Driving in Hazardous Conditions
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Driving your vehicle in hazardous conditions, such as snow, heavy rain, or thick fog, is a matter of preparation, practice, and―as always with driving―calm and caution. And just because it is not a blizzard does not mean conditions are not hazardous. With the oils and exhaust that accumulate on highways, only a small amount of precipitation can cause the roadway to become slick, hindering your ability to control and stop the vehicle. And a fog bank or dust storm can suddenly reduce your visibility to zero.
Pack for Preparation
Driving in hazardous conditions also requires some forethought on what you may need for the conditions: water for long trips, blankets and coats for wintry rides, and so forth. Regardless of road conditions, it is a good idea to have a basic first-aid kit in the car.
Beyond bandages, antibacterial ointment, antihistamine, and any other medication that might be necessary, a good first-aid kit should have a couple of large towels, preferably dark in color, for use to apply pressure and cover a wound. The kit should also include cloth bandage wraps, cotton swabs, liquid tears, pain reliever, and a guide to CPR, which can be found online and printed.
For a trip in what might be adverse conditions, add to your preparation kit accordingly. If you plan on traveling through snowy slopes, have tire chains ready. Also include some outerwear that can get dirty and wet, including pants, coat, and gloves, as you might find yourself beneath the car putting the snow chains on. Rubber gardening gloves work well, as they protect your hands but allow you to use your fingers with enough dexterity to complete the task.
If the trip will be through rain, bring some waterproof and spare clothing so no one has to stay in wet clothes should something happen. You should always consider what would happen if you were to be involved in an accident or if your vehicle breaks down. A charged mobile phone is, of course, ideal for any road trip, and it can save a tremendous amount of time and trouble in case you get stranded or need other assistance.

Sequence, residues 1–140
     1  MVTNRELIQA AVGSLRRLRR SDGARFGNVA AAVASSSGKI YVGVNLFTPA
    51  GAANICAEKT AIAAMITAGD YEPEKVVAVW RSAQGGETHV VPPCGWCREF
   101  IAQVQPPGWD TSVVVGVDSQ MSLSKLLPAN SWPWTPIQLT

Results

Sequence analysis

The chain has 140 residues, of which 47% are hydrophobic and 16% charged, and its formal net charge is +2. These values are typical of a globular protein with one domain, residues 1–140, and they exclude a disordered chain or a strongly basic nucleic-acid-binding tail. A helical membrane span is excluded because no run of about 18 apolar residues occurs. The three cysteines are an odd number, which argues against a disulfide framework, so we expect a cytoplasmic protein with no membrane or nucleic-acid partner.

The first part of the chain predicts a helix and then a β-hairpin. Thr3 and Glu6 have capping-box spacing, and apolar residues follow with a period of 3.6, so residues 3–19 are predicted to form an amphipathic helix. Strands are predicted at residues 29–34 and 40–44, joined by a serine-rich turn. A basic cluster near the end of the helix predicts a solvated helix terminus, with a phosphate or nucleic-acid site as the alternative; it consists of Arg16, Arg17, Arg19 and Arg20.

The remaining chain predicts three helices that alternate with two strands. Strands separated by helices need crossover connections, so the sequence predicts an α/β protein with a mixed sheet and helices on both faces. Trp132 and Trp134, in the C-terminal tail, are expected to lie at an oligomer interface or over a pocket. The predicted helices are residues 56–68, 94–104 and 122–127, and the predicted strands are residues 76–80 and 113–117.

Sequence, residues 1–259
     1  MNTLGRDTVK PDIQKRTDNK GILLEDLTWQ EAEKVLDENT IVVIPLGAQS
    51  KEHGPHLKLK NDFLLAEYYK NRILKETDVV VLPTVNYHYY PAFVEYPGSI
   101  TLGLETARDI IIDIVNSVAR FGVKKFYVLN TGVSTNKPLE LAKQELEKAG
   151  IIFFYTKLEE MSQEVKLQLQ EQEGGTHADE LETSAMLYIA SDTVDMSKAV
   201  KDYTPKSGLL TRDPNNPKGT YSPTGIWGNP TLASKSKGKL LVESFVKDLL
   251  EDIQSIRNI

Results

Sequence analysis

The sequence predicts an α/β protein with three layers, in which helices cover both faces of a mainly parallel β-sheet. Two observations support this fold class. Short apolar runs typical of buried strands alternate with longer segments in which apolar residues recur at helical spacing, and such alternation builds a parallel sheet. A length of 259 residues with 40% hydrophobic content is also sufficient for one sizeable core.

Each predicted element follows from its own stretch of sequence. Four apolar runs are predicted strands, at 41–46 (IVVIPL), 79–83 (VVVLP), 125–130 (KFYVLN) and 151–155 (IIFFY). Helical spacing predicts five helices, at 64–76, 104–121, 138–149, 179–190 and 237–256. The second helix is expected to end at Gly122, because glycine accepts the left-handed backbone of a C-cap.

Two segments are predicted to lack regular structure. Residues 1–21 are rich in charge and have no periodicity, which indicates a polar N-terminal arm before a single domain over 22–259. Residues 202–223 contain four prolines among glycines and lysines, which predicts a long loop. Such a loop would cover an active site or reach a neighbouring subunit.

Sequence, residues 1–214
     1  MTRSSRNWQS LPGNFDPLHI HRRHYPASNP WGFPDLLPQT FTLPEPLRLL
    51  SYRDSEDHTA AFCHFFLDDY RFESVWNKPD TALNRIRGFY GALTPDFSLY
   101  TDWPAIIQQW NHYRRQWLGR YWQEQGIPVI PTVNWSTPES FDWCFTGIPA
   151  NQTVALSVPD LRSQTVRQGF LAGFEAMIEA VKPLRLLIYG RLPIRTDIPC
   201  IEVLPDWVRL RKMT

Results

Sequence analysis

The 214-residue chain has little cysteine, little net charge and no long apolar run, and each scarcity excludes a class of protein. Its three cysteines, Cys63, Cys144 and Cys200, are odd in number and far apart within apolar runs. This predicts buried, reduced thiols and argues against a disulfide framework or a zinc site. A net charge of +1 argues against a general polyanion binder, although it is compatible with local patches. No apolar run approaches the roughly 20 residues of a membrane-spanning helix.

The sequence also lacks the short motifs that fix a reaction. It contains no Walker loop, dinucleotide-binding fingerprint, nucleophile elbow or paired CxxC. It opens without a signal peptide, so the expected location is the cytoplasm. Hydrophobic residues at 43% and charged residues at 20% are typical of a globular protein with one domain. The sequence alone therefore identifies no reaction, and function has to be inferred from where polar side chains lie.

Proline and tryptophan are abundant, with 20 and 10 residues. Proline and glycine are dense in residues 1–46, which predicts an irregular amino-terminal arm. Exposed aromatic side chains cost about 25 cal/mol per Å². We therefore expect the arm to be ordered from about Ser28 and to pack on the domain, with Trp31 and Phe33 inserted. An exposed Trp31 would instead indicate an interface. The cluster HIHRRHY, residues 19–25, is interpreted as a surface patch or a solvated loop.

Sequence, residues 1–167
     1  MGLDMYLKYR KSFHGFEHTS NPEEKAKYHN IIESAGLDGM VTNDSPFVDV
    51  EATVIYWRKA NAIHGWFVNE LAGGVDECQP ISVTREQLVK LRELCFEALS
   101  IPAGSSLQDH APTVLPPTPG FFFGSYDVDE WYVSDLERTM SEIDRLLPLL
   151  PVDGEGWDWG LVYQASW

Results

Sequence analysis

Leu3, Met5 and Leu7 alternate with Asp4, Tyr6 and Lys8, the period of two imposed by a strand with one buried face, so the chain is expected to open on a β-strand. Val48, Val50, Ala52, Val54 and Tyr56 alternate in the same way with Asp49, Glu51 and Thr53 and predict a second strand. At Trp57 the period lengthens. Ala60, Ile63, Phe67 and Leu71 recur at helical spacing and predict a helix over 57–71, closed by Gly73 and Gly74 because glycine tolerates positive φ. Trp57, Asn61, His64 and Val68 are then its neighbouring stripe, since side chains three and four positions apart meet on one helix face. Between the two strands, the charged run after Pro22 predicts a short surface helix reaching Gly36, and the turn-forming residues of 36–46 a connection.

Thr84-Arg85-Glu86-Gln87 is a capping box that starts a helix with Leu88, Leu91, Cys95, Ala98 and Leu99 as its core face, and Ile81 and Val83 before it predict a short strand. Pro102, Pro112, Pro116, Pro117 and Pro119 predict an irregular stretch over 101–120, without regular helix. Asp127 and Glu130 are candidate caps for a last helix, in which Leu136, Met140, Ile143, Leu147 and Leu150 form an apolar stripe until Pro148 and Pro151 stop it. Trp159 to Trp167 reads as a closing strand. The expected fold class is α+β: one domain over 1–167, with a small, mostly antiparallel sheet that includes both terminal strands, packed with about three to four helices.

Snow and rain are not the only adverse conditions. Extreme heat can be hard on vehicles, not to mention the humans and pets they carry. Make sure there is enough water for everyone. Use air conditioning wisely, and be prepared to have to turn it off through steep mountain climbs or in other circumstances when your engine might overheat or you need more power. Wet cloths can help keep the driver and passengers cooler if there is no air conditioning.
Other hazardous conditions drivers may encounter, such as strong winds that down tree limbs or power lines, require extra caution from motorists. The most important thing is to stay focused on the road: what is ahead of you and what is behind you.
Don't let the outside conditions disrupt your attention. If the situation is making you uneasy, slow down. Other motorists who wish to hurry around you might not appreciate it, but it is up to you to ensure you are driving safely. Make your own well-being and that of your passengers the top priority, and don't worry about other, more aggressive drivers.
The first rule of actually driving in hazardous conditions, which also might include times of low visibility from fog or fire, is to use common sense. If visibility is low, you need to slow way down. If you can't see more than a few feet in front of your vehicle, it is unsafe to drive―at all. In this case, pull off the road as far as you can, turn on your hazards, and get away from the vehicle and the roadway in case your car is struck by another motorist who can't see anything either.
The second rule of driving in hazardous conditions is to familiarize yourself with those conditions. Pick a place where there is plenty of roadway. After making sure there are no other vehicles approaching from behind or head on, try to stop quickly to test the conditions. This will give you a better sense of how much extra stopping space you will need to maintain. It will also make you better at reactive driving to avoid a collision or loss of control.
Safe Speed and Distance
The third rule of driving in hazardous conditions centers on slowing down and keeping a safe distance between yourself and the drivers in front of you. Think about what would happen if a deer were to jump out on a snowy highway, and the person in front of you slammed on the brakes. Consider whether you would be able to stop soon enough if there was an accident up ahead of you. Don't let other drivers riding too close behind you force you into tailgating, too.
The most common mistake that motorists make is not leaving enough of a cushion between themselves and motorists in front of them. You are not competing in a race. You are trying to enjoy the ride to your destination and keep yourself and your passengers safe.
If the driver behind you can't leave the proper distance between their front bumper and your rear end, don't respond by hitting the brakes. Simply maintain your speed. If you leave enough room in front of you, there will be space for the aggressive driver to pass and get back into rushing along. Don't be surprised when you later see that motorist pulled over by police or off the road because of loss of control.
Several state and federal agencies offer additional tips on driving in hazardous conditions, including: